Are there any unfound missing planes on land

I was reading over a list of missing aircraft the other day. It was quite fascinating as it included some pretty large planes. However, all of them had been presumed lost at sea.

Are there any missing planes that disappeared over land that have not been found?

A friend of mine’s dad died in a small plane crash 30+ years ago.
The wreckage was never found.

In 1972, House Majority Leader Hale Boggs was in a twin-engine plane wih Rep Nick Begich of Alaska (along with an aide and the pilot) when the plane went down in a remote part of Alaska. It was never found.

A quick search of Wikipedia suggests that Alaska and the Andes mountains are still pretty impenetrable when it comes to finding wrecks.

In 2003 a Boeing 727 operated by TAAG Angola Airlines was stolen from the airport at Luanda. It took off and was never seen again.

One Wikipedia article mentioned (uncited) that during the search for Steve Fossett’s plane in Nevada a few years ago, eight unidentified airplane crashes were found.

Well, this one in New Hampshire wasn’t found for three years. It can be surprisingly hard to find an aircraft that doesn’t have an electronic location transmitter.

I knew Nick, and his son Mark. It was quite a loss for Alaska. It’s thought that the plane iced up and crashed on an glacial field. The pilot was known for his views that icing was a myth. :rolleyes:

As always wikipedia has us covered:

Lists many missing presumed over land.

Note to self: never fly anywhere near there!

I’ve seen a facebook post of someone who lost their drone as it got caught in the wind and last sighted being blown towards some woods. AFAIK it has never been found or even seen even again. creepy…

Finding lost planes can take quite awhile, even in non-mountainous areas.

There was an aircraft found a few years ago north of Vancouver - that disappeared during WWII. It was always assumed it crashed into the water on approach between Vancouver airport and the island. In fact, it crashed into the wilderness preserve in the mountains across the bay from Vancouver. Since the area is a source of Vancouver drinking water, it is not developed and hiking etc. in there is discouraged.

I also recall reading about a bomber found in the Greenland ice from WWII, lost while ferrying across the north Atlantic. Another fighter aircraft from WWII found in the deserts of Egypt a few years ago, it must have wandered a long way off course after one of the battles.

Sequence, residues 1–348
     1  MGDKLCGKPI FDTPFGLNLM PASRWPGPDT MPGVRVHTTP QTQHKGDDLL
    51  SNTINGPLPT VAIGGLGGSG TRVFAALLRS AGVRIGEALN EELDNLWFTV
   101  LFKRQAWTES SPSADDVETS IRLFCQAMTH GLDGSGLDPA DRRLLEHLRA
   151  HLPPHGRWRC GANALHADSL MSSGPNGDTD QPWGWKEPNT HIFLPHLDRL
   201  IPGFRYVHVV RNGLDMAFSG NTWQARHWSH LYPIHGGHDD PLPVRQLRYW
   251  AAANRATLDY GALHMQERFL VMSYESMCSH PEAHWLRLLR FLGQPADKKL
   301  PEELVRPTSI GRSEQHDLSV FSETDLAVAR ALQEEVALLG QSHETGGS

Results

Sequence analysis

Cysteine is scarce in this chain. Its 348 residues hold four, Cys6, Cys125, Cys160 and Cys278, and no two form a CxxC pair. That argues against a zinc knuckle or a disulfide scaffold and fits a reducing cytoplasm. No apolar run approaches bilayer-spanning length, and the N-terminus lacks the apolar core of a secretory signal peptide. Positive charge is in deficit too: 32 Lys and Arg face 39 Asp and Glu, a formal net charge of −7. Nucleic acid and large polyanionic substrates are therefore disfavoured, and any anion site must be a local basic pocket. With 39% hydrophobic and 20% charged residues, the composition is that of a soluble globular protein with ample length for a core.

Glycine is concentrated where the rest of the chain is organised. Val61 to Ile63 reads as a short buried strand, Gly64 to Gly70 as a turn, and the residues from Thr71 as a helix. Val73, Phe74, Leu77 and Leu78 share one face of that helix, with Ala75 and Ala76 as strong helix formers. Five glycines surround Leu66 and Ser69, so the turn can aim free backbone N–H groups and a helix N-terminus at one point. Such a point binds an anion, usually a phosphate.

S. A. Andrée’s Arctic balloon expedition of 1897 - the balloon failed and the group tried to trek home, their final camp was not found until 1930. There are some amazing pictures, the film was still in their camera when found, and developed 33 years after the expedition.

I know of a small plane that was lost in Alaska. It was eventually found and was being salvaged by long-lining it out with a helicopter. The helicopter had some mechanical problems and had to dump the plane, it took another twenty years to find it again. To be fair though, they already salvaged the ID plate and the rest of the plane wasn’t all that valuable.

This is a fascinating tale.

Has anybody found Nungesser and Coli’s plane? they were trying to cross the Atlantic-rumor has it that they crashed in Maine.

Speaking of missing planes…

I was at some management seminar, the speaker mentioned everyone knew Lindbergh was the first person to cross the Atlantic solo, but nobody remembered the second person.

Amelia Erhardt, 5 years later.
Once it was done, there was no great motivation to repeat it except as part of something bigger.

Here’s another notable one: an Air Force transport plane that disappeared with 44 people on it somewhere between the Yukon and Montana in 1950 and never found. That search was called off because a few weeks later the search planes were needed to find a huge bomber that crashed in BC that was only found years later.

How about this one? I entered “STENDEC” into Wikipedia’s search engine, and found this. It was a complete mystery for more than 50 years, until the wreckage and body parts started emerging from a glacial terminus.

My guess is that STENDEC was a commercial cablegram code, but if no one has figured that by now, I must be wrong. :frowning:

A private plane crashed into Folsom Lake outside Sacramento many years ago and was never found. Now because of the drought, the missing pilot’s family keeps hoping the plane will show up in the receding waters, but so far no luck.